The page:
Born Emanuel Goldenberg in Bucharest he emigrated with his family to New York in 1903. He attended Townsend Harris High School and then City College of New York, but an interest in acting led to him winning an American Academy of Dramatic Arts scholarship, where he changed his name to Edward G. Robinson (The G. was for Goldenberg). He began his acting career in 1913 and made his Broadway debut in 1915. He made his film debut in a very minor and uncredited role in 1916, in 1923 he made his named debut as E. G. Robinson in The Bright Shawl. He was one of those actors who flourished with sound rather than faltered, he made only three films up to 1930 but he left his stage career that year and made fourteen films in 1930-32. He married the actress Gladys Lloyd in 1927.
A solid performance as the gangster Rico Bandello in Little Caesar (1930) led to him being typecast as a 'tough' for much of his early career in works such as Five Star Final (1931), Tiger Shark (1932), Kid Galahad and A Slight Case of Murder (1938). In the 1940s after a good performance in Dr. Ehrlich's Magic Bullet (1940) he expanded into edgy psychological dramas including Double Indemnity (1944), The Woman in the Window (1944) and Scarlet Street (1945), but he continued to accept gangster roles such as in the classic Key Largo (1948), one of five films he made with Humphrey Bogart. He was good box-office material and was able to avoid flops.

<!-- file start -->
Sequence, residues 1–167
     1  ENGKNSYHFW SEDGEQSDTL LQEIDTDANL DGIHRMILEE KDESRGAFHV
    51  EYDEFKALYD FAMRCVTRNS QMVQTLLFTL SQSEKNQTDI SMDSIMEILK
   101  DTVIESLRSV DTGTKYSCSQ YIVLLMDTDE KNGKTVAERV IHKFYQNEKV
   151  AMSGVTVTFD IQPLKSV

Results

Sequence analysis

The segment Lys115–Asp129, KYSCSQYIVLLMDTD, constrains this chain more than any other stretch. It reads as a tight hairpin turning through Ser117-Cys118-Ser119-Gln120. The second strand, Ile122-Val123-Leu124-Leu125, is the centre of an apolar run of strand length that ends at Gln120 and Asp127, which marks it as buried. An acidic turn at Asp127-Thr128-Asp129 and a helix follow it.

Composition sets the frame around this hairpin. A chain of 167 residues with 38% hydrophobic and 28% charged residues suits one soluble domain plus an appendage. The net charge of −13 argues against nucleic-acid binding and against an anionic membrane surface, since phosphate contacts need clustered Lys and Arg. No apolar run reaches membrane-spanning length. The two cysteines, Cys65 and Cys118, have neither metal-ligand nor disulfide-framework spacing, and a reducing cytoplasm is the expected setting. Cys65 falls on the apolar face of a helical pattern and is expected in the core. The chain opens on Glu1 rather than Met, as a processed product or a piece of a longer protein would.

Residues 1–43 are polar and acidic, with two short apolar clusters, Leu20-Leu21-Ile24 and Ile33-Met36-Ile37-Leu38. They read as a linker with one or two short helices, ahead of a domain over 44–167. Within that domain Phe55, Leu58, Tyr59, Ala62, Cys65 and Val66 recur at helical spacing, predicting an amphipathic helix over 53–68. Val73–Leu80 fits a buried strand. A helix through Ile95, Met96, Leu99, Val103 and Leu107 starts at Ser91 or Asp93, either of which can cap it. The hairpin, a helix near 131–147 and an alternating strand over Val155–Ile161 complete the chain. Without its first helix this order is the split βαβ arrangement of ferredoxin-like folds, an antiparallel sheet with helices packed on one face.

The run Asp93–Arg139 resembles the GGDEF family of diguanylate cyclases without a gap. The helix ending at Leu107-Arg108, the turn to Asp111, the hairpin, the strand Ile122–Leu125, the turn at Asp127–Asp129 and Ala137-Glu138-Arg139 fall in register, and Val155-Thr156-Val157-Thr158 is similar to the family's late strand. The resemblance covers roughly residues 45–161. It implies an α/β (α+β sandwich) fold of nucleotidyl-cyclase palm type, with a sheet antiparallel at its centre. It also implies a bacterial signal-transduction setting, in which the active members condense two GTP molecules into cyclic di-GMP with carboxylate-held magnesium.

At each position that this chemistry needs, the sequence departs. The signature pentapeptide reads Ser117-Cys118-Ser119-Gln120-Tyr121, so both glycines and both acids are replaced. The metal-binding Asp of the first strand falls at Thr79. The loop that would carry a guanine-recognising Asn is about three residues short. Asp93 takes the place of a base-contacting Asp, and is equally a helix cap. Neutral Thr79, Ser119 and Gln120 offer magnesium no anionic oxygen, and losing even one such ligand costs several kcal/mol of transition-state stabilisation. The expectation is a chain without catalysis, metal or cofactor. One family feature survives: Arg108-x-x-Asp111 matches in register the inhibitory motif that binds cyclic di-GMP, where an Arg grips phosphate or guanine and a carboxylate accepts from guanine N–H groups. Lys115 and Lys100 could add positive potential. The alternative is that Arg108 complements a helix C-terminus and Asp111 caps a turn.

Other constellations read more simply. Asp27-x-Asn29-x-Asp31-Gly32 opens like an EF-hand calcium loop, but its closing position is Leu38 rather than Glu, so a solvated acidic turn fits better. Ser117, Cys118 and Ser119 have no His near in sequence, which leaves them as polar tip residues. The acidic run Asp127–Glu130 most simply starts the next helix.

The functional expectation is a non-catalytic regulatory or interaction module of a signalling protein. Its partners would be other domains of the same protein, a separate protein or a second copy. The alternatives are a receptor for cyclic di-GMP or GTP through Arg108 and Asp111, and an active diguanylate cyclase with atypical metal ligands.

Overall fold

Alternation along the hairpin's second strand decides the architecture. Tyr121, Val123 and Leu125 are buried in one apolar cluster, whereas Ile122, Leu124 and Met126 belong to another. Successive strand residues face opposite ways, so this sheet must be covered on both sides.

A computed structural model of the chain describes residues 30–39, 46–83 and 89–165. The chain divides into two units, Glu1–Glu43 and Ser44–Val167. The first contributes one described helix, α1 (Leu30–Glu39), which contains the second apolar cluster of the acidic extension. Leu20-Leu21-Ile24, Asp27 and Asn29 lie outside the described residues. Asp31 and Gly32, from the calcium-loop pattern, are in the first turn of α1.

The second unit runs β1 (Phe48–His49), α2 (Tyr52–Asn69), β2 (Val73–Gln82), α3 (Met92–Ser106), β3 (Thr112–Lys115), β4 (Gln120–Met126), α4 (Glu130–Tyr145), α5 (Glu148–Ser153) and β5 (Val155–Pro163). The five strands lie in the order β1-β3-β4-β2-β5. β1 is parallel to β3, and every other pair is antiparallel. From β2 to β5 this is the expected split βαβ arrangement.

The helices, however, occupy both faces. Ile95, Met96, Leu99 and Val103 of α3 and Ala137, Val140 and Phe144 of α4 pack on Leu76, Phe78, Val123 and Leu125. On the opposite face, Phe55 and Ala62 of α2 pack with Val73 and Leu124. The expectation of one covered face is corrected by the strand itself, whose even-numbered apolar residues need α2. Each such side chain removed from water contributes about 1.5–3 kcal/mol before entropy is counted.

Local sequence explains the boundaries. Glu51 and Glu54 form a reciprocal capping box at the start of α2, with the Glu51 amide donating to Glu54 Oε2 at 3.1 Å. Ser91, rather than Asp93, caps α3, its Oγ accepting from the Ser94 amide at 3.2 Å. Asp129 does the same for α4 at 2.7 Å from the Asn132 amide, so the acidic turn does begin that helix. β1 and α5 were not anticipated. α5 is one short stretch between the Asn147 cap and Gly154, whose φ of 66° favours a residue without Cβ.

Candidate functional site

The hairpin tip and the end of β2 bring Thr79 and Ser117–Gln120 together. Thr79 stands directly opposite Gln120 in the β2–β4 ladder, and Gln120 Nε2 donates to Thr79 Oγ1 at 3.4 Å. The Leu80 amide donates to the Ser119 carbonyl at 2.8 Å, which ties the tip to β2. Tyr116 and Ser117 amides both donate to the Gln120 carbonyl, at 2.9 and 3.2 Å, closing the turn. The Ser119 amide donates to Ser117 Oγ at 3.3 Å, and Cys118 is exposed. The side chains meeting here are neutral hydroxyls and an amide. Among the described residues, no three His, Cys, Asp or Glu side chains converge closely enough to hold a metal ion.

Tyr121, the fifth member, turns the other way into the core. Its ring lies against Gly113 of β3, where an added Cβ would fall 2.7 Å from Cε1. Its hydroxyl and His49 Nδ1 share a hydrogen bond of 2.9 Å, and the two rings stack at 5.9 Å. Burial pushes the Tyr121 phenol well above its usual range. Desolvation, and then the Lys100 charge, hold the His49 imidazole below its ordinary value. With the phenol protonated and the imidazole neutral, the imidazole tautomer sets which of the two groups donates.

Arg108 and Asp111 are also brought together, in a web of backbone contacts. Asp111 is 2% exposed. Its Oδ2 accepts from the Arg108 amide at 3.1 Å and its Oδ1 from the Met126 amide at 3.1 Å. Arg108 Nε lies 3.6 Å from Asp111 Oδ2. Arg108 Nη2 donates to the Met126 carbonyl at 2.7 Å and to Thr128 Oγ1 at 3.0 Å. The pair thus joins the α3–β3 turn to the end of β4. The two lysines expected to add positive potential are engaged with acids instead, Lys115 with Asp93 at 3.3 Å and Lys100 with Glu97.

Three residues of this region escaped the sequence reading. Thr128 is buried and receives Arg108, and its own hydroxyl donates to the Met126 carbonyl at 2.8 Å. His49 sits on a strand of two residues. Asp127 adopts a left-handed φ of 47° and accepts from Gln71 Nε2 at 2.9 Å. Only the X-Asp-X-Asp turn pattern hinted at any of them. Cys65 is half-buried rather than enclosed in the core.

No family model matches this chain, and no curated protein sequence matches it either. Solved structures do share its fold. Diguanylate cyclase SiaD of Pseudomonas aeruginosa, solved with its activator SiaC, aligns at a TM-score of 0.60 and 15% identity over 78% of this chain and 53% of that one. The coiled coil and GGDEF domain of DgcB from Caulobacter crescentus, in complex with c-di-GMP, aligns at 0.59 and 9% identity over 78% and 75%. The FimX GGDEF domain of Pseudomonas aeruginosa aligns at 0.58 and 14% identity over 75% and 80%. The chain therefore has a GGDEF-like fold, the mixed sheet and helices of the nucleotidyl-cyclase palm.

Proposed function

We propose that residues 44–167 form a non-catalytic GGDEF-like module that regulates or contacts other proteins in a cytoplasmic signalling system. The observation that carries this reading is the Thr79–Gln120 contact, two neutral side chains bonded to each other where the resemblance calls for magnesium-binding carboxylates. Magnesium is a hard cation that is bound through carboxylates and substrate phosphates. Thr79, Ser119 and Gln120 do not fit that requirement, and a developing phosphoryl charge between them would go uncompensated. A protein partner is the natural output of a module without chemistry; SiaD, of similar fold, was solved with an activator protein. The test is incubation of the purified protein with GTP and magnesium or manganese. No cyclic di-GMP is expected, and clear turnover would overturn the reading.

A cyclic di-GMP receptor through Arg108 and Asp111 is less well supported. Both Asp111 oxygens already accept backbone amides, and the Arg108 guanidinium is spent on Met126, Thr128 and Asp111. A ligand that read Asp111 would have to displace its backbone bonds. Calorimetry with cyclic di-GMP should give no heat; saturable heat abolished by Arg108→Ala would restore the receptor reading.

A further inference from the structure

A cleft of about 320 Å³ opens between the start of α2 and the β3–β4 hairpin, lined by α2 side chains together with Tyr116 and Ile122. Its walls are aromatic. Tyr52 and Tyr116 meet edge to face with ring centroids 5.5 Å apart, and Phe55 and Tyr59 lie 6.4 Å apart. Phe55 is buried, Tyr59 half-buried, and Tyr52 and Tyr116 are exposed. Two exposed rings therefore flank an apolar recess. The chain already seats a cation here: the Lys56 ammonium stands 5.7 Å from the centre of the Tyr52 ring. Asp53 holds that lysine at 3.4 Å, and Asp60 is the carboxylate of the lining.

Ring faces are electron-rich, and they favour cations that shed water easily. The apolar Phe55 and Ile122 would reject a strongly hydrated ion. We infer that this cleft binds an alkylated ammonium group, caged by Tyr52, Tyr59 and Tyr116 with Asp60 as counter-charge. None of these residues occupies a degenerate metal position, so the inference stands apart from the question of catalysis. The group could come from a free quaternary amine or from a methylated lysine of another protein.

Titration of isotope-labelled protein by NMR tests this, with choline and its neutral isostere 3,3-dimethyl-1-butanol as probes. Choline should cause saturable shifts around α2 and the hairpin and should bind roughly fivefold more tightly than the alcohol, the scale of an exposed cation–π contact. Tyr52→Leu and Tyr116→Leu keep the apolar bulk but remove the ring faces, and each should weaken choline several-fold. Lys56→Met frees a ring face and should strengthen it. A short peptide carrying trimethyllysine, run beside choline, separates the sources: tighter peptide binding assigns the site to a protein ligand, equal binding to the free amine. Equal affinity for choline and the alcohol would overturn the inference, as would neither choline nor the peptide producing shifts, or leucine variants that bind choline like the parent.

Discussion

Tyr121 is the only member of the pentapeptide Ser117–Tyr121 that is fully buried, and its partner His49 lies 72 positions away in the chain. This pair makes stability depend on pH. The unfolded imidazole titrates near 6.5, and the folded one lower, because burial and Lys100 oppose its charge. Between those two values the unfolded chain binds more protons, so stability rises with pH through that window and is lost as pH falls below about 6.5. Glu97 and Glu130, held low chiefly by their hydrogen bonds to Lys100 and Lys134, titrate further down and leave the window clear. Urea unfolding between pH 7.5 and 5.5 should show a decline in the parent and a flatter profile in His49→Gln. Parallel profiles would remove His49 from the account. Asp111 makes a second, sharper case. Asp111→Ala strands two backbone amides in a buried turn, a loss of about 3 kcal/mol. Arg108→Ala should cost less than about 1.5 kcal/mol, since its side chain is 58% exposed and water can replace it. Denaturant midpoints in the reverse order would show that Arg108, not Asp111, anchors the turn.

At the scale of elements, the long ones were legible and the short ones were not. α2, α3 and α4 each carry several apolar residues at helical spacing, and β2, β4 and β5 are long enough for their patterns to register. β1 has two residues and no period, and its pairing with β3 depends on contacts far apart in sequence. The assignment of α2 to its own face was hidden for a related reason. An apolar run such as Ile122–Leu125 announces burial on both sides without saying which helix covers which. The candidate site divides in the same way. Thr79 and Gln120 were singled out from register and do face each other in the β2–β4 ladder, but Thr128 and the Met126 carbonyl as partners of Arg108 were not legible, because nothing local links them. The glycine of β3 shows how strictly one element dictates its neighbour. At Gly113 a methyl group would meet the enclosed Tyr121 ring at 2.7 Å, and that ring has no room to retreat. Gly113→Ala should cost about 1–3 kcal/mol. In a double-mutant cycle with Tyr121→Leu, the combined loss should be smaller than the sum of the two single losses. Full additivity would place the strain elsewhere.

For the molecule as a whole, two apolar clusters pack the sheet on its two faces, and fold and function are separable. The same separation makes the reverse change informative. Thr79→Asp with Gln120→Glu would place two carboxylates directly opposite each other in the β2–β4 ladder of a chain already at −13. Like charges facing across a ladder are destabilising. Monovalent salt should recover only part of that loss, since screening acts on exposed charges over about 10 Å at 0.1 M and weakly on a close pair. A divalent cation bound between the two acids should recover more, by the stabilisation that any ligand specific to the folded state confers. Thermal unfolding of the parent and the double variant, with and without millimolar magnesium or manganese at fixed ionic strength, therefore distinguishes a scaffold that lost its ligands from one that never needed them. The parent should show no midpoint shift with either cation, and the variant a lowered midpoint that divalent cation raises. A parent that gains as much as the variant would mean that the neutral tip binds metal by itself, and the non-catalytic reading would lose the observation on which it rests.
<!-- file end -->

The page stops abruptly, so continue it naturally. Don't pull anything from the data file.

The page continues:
In the 1950s he was called to testify in front of the House Un-American Activities Committee, where he was cleared of all suspicion. In 1956 he had to sell off his large art collection for $3.25 million as part of his divorce settlement with Lloyd. In 1956 he returned to Broadway in "Middle of the Night". Never nominated for an Academy Award, in 1973 it was planned to give him a lifetime achievement award; despite his death a posthumous Oscar for "outstanding contribution to motion pictures" was given to him. His last role was in Soylent Green (1973).